“We Build Up This Community Together”: Examining Multi-Agency Partnership of a Khmer Heritage Language Program in California. Ravy S. Lao University of California, Santa Barbara
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“We Build Up This Community Together”: Examining Multi-Agency Partnership of a Khmer Heritage Language Program in California Ravy S. LaoUniversity of California, Santa Barbara Challenges and Achievements in Community Language Schools UCLA National Heritage Language Resource Center April 13, 2013
Contextualizing the Khmer Speech Community The “Khmer” Term An emic word referring to both the language and people within the Cambodian community Immigration History to the U.S. First Wave (1960s – 1970s) Consisted of university students and (in the early 1970s) people with military and political ties (Needham & Quintilliani, 2008; Wright, 2010). Second Wave(1980s – 1990s) Comprised of individuals (“survivors of the killing fields”) fleeing the country after the overthrown of the Communist Khmer Rouge regime headed by Pol Pot. Entered the U.S. under the status of political refugees (Needham & Quintilliani, 2008; Wright, 2010).
Contextualizing the Khmer Speech Community Cont’d Census 2000 Areas of High Population Concentration, Census 2000
The Literature on Community-Based Language Schools The majority of the schools are usually established and independently run by the ethnic community members (Fishman & Nahirny, 1964; Shibata, 2000; Zhou & Li, 2003). The existence of these schools are not well known to the wider community in which they are situated (Peyton, 2013).
The Literature on Community-Based Language Schools Cont’d . . . Prior studies on heritage language/community schools tend to focus on the roles of HL in relationship to and within the ethnic community (Chik, 2010; Needham, 1996; Shibata, 2000; Zhou & Li, 2003). This paper offers a different framework by seeking to make visible ways in which heritage language/community schools can play beyond the ethnic community.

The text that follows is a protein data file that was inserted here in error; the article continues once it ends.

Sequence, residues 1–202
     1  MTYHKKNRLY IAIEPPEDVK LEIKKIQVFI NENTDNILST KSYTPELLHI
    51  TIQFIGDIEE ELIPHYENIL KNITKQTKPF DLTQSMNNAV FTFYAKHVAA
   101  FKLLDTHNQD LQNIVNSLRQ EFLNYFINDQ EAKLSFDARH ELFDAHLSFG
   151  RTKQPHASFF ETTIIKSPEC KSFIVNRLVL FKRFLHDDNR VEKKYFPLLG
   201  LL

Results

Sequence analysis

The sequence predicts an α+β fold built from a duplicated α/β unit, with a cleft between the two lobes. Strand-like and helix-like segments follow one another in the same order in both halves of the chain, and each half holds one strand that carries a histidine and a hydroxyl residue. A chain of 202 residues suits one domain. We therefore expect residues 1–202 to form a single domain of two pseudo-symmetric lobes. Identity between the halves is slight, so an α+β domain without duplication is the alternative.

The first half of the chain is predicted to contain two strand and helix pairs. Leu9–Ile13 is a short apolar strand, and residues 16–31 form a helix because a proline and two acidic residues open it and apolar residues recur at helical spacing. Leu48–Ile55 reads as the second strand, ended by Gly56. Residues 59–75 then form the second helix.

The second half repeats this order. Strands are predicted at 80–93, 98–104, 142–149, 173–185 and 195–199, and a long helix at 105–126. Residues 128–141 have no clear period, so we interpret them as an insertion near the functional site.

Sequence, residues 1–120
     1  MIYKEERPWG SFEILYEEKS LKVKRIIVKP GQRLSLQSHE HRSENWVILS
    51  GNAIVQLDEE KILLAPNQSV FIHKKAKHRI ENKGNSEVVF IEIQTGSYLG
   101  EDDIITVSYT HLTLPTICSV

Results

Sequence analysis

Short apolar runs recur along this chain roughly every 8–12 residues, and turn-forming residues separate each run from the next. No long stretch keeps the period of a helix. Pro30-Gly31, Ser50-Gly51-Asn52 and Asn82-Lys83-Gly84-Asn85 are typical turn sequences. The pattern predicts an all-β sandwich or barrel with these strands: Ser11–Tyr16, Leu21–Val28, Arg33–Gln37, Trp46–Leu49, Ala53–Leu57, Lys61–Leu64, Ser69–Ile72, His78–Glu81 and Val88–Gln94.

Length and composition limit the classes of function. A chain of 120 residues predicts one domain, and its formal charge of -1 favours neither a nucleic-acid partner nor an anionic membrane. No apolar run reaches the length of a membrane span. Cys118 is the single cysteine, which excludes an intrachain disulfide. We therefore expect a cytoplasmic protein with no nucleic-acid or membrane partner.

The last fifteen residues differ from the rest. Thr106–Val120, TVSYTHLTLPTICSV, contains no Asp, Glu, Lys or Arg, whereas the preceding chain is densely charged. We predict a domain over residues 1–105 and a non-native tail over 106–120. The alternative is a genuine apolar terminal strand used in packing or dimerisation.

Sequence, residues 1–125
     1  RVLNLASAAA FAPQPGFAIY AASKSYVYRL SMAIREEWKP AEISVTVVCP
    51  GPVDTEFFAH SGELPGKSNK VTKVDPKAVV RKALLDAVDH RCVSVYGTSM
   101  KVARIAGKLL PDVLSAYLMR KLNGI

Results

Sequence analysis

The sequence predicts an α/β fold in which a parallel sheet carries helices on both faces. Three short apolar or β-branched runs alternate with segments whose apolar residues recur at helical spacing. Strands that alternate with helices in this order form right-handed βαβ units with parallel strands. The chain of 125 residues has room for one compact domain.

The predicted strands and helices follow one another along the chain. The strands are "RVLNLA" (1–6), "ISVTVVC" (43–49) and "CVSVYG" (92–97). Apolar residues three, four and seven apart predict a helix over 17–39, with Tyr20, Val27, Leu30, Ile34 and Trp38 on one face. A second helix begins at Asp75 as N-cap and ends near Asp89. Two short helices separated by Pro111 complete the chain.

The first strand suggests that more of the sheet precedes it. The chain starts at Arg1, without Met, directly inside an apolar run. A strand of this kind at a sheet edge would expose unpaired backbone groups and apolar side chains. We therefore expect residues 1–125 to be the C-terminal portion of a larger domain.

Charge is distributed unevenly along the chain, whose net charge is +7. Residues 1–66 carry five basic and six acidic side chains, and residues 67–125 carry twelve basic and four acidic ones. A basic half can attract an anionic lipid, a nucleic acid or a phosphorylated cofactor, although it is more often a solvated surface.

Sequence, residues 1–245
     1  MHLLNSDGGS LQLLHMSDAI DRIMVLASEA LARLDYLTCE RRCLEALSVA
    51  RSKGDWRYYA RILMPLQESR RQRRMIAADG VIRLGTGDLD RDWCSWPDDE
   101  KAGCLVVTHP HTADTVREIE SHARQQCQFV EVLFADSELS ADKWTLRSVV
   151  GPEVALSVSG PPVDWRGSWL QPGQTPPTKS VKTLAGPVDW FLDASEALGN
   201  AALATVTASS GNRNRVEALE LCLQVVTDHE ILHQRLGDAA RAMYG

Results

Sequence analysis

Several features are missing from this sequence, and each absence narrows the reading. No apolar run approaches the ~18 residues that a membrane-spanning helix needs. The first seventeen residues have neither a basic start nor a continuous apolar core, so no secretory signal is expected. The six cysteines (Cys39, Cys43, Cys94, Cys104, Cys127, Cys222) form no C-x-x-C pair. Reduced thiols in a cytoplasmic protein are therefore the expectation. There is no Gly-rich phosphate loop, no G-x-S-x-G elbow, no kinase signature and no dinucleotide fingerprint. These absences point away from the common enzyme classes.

Orienting Framework The multi-agency partnership framework: Grounding heritage language/community school establishment through the lens of urban community development (Lynch, 2008), this paper, focusing on a Khmer language program in California as an exemplar, makes visible how city’s institutions can engage with immigrant/refugee community development.
Methodology & Methods • An ethnographic case study Began in May 2008 – Sept. 2010 • Research site _ Khmer Saturday language program _ Bayview*, a city in California with high concentration of Khmer people • Participants _ 2 directors of the different agencies _ 3 volunteered teachers _ 24 parents _ 26 students • Data collection _ Semi-structured interviews _ Participant observations _ Archival city’s documents _ 2-hour weekly classroom observations (2008-2010) * Names of individuals and places are pseudonyms.
Analysis Approach Discourse analysis Texts consisted of interview transcripts, city’s archival documents, and fieldnotes. • Engaged in a process of backward and forward mapping across time and events and examined the links among the texts (Tuyay et al., 1995). • Traced intertextual(Bloome et al., 2005; Fairclough, 1993; Kristeva, 1986)and intercontextual relationships (Floriani, 1993)among events and people in the texts. Intertextualityexamines the links among text produced by members of the community being studied. Intercontextuality refers to the links among cultural practices that members develop and use to shape the text being constructed.
The Bayview Khmer Language Program The program, free of charge, was founded in spring 2008 Khmer and non-Khmer speakers are welcome. • Consists of 2 classes children class (6-12 years) adult class (13+ years) • Meets every Saturday 10:00 A.M. – 11:30 A.M. • Locates in the Community Room of Bayview Public Library
The Curriculum • Language of instruction is English • Classes predominately focus on Khmer literacy development including: - learning the consonants, vowels, and numbers; - combining consonants with vowels; - recognizing phrases & sentence structures and learning to produce them. • Khmer culture is incorporated into the lessons as needed. • There are no formal textbooks in both classes; instructors teach the way they want.